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Title: Free energy functionals for polarization fluctuations: Pekar factor revisited

The separation of slow nuclear and fast electronic polarization in problems related to electron mobility in polarizable media was considered by Pekar 70 years ago. Within dielectric continuum models, this separation leads to the Pekar factor in the free energy of solvation by the nuclear degrees of freedom. The main qualitative prediction of Pekar’s perspective is a significant, by about a factor of two, drop of the nuclear solvation free energy compared to the total (electronic plus nuclear) free energy of solvation. The Pekar factor enters the solvent reorganization energy of electron transfer reactions and is a significant mechanistic parameter accounting for the solvent effect on electron transfer. Here, we study the separation of the fast and slow polarization modes in polar molecular liquids (polarizable dipolar liquids and polarizable water force fields) without relying on the continuum approximation. We derive the nonlocal free energy functional and use atomistic numerical simulations to obtain nonlocal, reciprocal space electronic and nuclear susceptibilities. A consistent transition to the continuum limit is introduced by extrapolating the results of finite-size numerical simulation to zero wavevector. The continuum nuclear susceptibility extracted from simulations is numerically close to the Pekar factor. However, we derive a new functionality involvingmore » the static and high-frequency dielectric constants. The main distinction of our approach from the traditional theories is found for the solvation free energy due to the nuclear polarization: the anticipated significant drop of its magnitude with increasing liquid polarizability does not occur. The reorganization energy of electron transfer is either nearly constant with increasing the solvent polarizability and the corresponding high-frequency dielectric constant (polarizable dipolar liquids) or actually noticeably increases (polarizable force fields of water).« less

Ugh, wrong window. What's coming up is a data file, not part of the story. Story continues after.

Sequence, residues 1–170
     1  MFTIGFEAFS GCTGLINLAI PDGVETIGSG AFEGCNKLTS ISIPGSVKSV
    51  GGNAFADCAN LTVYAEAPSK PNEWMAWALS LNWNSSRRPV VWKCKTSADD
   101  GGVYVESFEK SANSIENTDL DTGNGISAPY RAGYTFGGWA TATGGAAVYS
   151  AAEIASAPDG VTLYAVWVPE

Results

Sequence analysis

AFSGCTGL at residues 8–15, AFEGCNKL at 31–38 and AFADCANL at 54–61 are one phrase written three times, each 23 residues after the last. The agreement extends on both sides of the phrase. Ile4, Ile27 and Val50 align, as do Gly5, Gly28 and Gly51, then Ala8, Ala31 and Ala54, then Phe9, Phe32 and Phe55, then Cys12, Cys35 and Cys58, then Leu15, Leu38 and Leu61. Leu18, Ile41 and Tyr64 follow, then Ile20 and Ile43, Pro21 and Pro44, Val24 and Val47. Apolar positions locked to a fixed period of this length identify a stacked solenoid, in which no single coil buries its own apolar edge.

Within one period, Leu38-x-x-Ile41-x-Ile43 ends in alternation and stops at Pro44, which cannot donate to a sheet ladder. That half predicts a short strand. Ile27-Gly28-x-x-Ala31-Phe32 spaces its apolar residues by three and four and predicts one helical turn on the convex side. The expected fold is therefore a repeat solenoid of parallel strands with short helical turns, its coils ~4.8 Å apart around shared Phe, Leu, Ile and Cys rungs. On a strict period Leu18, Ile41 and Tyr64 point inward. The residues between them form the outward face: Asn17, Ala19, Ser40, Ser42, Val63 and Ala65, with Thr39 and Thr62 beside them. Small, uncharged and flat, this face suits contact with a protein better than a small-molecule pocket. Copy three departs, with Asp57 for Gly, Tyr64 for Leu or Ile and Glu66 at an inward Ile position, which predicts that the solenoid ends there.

ORCiD logo [1] ;  [2] ; ORCiD logo [3]
  1. School of Molecular Sciences, Arizona State University, P.O. Box 871604, Tempe, Arizona 85287-1604, USA
  2. Chemistry Department, Brookhaven National Laboratory, P.O. Box 5000, Upton, New York 11973-5000, USA
  3. Department of Physics and School of Molecular Sciences, Arizona State University, P.O. Box 871504, Tempe, Arizona 85287-1504, USA
Publication Date:
Report Number(s):
Journal ID: ISSN 0021-9606; JCPSA6
Grant/Contract Number:
SC0015641; SC00112704
Accepted Manuscript
Journal Name:
Journal of Chemical Physics
Additional Journal Information:
Journal Volume: 146; Journal Issue: 6; Journal ID: ISSN 0021-9606
American Institute of Physics (AIP)
Research Org:
Arizona State Univ., Tempe, AZ (United States); Brookhaven National Laboratory (BNL), Upton, NY (United States)
Sponsoring Org:
USDOE Office of Science (SC), Basic Energy Sciences (BES) (SC-22); National Science Foundation (NSF)
Country of Publication:
United States
OSTI Identifier:
Alternate Identifier(s):
OSTI ID: 1340505; OSTI ID: 1361771